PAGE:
Funding Your Child’s Future

Funding Your Child’s Future




Pretend that you have a 12-year-old child.  Let’s say you make a one-time investment into a S&P 500 mutual fund of $1,000 at the child’s current age.  An S&P 500 index fund is a group of stocks considered to be generally representative of the stock market.  This index is composed of 400 industrial, 20 transportation, 40 utility and 40 financial companies. 


Assuming that you never placed another dime into his/her account, by the age of 65, at an annual growth rate of 12%, he/she would have an investment portfolio worth $406,027.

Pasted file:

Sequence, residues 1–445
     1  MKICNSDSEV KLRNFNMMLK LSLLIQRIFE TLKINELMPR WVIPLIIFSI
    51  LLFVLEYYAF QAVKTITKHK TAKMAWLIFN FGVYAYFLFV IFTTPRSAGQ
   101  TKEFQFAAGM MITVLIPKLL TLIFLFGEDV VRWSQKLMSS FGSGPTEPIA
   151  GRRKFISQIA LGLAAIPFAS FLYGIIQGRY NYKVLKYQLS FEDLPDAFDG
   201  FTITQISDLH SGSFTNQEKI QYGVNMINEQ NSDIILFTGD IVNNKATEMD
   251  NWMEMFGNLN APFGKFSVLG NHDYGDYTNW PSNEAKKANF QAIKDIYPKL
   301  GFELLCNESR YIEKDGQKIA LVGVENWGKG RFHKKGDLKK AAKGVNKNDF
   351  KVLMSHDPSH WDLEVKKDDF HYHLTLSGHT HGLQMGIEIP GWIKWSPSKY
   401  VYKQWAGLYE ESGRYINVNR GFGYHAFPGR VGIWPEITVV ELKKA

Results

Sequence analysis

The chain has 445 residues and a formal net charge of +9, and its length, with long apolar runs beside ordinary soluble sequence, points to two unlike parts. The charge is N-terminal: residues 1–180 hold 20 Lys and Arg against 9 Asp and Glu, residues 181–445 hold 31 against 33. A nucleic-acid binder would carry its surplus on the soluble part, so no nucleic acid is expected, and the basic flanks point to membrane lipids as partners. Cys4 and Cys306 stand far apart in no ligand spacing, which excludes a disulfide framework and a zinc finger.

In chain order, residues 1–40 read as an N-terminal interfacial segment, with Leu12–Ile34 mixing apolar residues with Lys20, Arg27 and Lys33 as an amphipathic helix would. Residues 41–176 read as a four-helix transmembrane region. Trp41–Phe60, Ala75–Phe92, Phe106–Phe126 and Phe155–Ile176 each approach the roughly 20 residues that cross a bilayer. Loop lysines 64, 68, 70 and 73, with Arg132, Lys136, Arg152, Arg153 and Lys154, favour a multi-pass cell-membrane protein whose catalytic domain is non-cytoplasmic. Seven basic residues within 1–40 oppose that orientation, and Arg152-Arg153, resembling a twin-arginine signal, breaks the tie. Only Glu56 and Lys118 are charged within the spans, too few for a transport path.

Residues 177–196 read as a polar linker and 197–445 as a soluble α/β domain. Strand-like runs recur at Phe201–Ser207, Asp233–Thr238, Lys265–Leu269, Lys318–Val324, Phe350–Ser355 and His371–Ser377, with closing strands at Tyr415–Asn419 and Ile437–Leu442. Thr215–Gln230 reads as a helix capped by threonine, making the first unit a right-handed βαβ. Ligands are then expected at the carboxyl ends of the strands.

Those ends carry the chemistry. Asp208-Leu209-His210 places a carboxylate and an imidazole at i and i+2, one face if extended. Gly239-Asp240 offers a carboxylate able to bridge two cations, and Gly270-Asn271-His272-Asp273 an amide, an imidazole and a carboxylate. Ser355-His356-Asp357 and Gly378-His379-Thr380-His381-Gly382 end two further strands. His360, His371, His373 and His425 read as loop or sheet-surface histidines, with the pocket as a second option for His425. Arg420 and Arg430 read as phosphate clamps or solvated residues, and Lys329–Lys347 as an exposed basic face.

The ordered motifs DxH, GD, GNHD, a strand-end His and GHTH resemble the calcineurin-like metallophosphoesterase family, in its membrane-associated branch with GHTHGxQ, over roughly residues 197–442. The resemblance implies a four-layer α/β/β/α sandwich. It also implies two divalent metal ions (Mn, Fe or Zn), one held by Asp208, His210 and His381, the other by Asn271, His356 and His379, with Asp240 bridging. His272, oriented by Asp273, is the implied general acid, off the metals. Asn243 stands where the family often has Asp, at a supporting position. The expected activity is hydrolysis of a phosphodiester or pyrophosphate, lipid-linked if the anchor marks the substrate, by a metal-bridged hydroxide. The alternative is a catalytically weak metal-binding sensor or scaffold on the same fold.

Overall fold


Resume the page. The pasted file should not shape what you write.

Let’s look at another scenario.  What if you started with that initial investment of $1,000 in a mutual fund that averages a 12% return, compounded monthly.  Now say that you set aside $150 each month to add to the fund.  Your child, should he/she continue adding to it in the same amount, at the young age of 65, assuming the child has no other investments whatsoever, his/her net worth would be $8,949,244.81.  At age 75, he/she would have $29,570,476.09.



Your thoughts on this subject?  Your comments appreciated!


Content © Rich Brott, 2011

Information & Discussion

Join in on the discussion or Email this article to a friend

Other Posts

Write a Comment

Take a moment to comment and tell us what you think.

You must be logged in to post a comment. Click here to login.

Reader Comments

Be the first to leave a comment!